Mark Dredge seeks out the genius behind the noise.
In Fraserburgh, an isolated fishing town in northeast Scotland, a little brewery has been nabbing global headlines. BrewDog’s boisterous beers, maverick marketing and anti-macro video blogs, all concocted by 28-year-old owners James Watt and Martin Dickie, bark loudly. But I’m there to see if there’s more to this dog than attention-grabbing exploits.
I’ve arrived with fellow beer writers Zak Avery and Pete Brown to brew a beer, Avery Brown Dredge. We walk through the cold, overcrowded brewery past the bottling line—which will see more than 8 million bottles pass through it this year—through a mountain of boxes and pallets to be shipped (55 percent of it for export), past an equally busy wall of awards and into the modest head office. There, we choose our recipe while Watt serves us hot tea in BrewDog-branded glasses: “I couldn’t find any mugs,” he says with a smile, “so you’re getting tea the BrewDog way.”
2010 was BrewDog’s biggest year yet; Watt and Dickie opened a restaurant and a bar in their hometown of Aberdeen, and in the U.K. alone their sales increased by 230 percent. Still, “We sell more beer in Sweden than we do in the whole of the U.K.,” explains Watt. They also made worldwide news in 2010 with three ice-distilled beers, each topping the next as the world’s strongest beer: The 41%-ABV Sink the Bismarck beat the 32%-ABV Tactical Nuclear Penguin, before the series culminated in the 55%-ABV The End of History, which cost more than $700 a bottle and was packaged inside a stuffed squirrel.
Penguin and Bismarck are now available year-round, but in the brewhouse, most of the focus actually goes to the core range of “smaller” beers like 77 Lager and the flagship Punk IPA, which Watt and Dickie bravely retooled in January 2011 (lower ABV, less bitterness, more aroma) because, as Dickie explains, “We realized that Punk was no longer the best IPA we felt we could brew.” The lineup also includes Hardcore IPA, which won gold at the 2010 World Beer Cup in the fiercely fought Imperial IPA category, and the Paradox series of whiskey-barrel-aged stouts that won WBC gold in 2008. These beers aren’t gimmicky, and they don’t make as much noise as the high-ABV superstars, but they’re the big sellers, so the brewery runs 24/7 to keep up with the demand.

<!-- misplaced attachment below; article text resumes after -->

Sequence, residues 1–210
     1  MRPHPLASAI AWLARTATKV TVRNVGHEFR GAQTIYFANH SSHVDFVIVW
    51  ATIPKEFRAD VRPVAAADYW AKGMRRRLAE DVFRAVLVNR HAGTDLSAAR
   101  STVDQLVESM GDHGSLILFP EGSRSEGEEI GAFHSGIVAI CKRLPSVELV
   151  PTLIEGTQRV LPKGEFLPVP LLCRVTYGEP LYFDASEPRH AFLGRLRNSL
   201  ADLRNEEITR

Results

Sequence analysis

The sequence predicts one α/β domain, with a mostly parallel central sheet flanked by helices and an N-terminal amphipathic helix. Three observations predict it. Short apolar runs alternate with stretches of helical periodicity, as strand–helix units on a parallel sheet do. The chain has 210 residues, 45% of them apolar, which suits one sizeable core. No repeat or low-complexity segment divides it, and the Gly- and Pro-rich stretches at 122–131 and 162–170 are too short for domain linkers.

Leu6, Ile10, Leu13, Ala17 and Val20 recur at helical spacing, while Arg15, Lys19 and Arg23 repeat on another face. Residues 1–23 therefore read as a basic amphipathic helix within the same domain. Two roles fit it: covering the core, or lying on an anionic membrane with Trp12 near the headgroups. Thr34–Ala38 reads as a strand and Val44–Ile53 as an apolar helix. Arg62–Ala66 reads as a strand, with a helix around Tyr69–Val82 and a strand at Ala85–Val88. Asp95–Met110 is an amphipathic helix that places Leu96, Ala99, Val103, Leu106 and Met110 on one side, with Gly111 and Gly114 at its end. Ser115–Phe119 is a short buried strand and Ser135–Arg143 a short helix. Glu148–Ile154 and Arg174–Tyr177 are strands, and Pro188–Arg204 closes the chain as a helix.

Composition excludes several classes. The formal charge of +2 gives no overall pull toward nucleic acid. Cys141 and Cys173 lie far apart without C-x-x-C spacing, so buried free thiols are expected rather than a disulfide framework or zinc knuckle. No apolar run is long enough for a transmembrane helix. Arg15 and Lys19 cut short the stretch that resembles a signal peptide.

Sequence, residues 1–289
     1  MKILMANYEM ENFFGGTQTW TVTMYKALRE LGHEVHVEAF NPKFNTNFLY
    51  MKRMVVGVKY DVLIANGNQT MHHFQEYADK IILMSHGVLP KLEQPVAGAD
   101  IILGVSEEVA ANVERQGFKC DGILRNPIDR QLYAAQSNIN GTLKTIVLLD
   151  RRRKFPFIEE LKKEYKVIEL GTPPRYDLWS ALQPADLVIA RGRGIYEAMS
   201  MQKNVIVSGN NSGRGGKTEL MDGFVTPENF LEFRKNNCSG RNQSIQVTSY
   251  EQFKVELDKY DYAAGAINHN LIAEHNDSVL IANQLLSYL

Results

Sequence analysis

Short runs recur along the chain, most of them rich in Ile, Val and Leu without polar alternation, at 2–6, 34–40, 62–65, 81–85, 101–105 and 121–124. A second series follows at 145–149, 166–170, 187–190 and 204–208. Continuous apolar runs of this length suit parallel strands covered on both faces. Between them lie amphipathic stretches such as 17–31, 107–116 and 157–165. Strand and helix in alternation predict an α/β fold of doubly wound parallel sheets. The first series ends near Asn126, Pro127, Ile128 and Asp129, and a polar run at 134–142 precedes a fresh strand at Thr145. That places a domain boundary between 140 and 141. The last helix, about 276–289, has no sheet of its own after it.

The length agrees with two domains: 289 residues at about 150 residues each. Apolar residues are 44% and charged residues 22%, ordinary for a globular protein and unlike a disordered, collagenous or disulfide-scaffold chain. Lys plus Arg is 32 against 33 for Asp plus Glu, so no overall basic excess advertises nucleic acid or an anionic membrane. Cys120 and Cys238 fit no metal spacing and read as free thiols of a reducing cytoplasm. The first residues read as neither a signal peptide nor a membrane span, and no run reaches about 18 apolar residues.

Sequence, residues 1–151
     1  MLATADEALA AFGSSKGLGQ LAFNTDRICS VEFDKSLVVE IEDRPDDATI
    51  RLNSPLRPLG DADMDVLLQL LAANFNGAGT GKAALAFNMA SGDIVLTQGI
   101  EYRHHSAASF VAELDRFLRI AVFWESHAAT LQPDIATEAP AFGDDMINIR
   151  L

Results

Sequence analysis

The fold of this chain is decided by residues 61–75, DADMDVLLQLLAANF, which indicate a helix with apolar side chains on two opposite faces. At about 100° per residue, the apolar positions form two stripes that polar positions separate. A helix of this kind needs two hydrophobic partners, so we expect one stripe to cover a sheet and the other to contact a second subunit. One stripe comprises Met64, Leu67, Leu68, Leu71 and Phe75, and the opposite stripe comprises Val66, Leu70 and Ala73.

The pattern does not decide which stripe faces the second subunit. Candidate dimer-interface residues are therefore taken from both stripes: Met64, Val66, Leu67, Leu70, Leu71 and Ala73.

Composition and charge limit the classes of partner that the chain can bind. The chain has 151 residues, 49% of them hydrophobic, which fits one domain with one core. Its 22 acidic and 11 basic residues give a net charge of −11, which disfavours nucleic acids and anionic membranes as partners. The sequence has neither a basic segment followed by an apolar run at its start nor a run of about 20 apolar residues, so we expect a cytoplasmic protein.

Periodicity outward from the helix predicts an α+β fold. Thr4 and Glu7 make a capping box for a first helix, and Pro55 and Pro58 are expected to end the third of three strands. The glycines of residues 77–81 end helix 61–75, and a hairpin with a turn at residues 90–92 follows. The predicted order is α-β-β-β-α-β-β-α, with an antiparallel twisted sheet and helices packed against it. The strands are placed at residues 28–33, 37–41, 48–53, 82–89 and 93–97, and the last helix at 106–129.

The brewery is ordered around the whirlwind of Watt and calm of Dickie. Watt is an outspoken frontman, always dreaming up new ideas, obsessive in everything he does, driven but inquisitive; Dickie is quiet, maybe even shy, relaxed, in control. Both are very funny, passionate and knowledgeable. The two have been friends since age 11, and together they still share a youthful adventurous spirit, mischievously egging each other on behind the kettle and beyond.
Like a starter’s gun, heavy metal music suddenly explodes from the stereo, and we know it’s time to mash in. There are no back-saving buttons here: It’s shovels, ladders and sacks—and the unsung hero of BrewDog, head brewer Stewart Bowman, who studied with Dickie for Heriot-Watt University’s renowned brewing and distilling degree, commands us through it. Bowman is a man in control, never stopping between brewing, cleaning, transferring beer, packing pallets and driving the forklift like a maniac.
In April, BrewDog celebrated its fourth birthday, a milestone achieved by innovation and hard work. What doesn’t show up on the shelves, or in headlines, is the yin and yang between Dickie and Watt that reverberates in their beers: Beyond the fascinating, attention-seeking brews is a quietly exceptional foundation that shows this dog knows more than a few tricks. •
GET DOGGED: Proving that it’s not only capable of restraint but actually really, really good at it, BrewDog recently concocted its IPA is Dead series, a collection of IPAs brewed with identical malt bills but different hop varieties to show off the nuances of each. The set highlights fruity Bramling Cross, sharp Nelson Sauvin, lemony Sorachi Ace and orange-pine Citra in one four-beer box.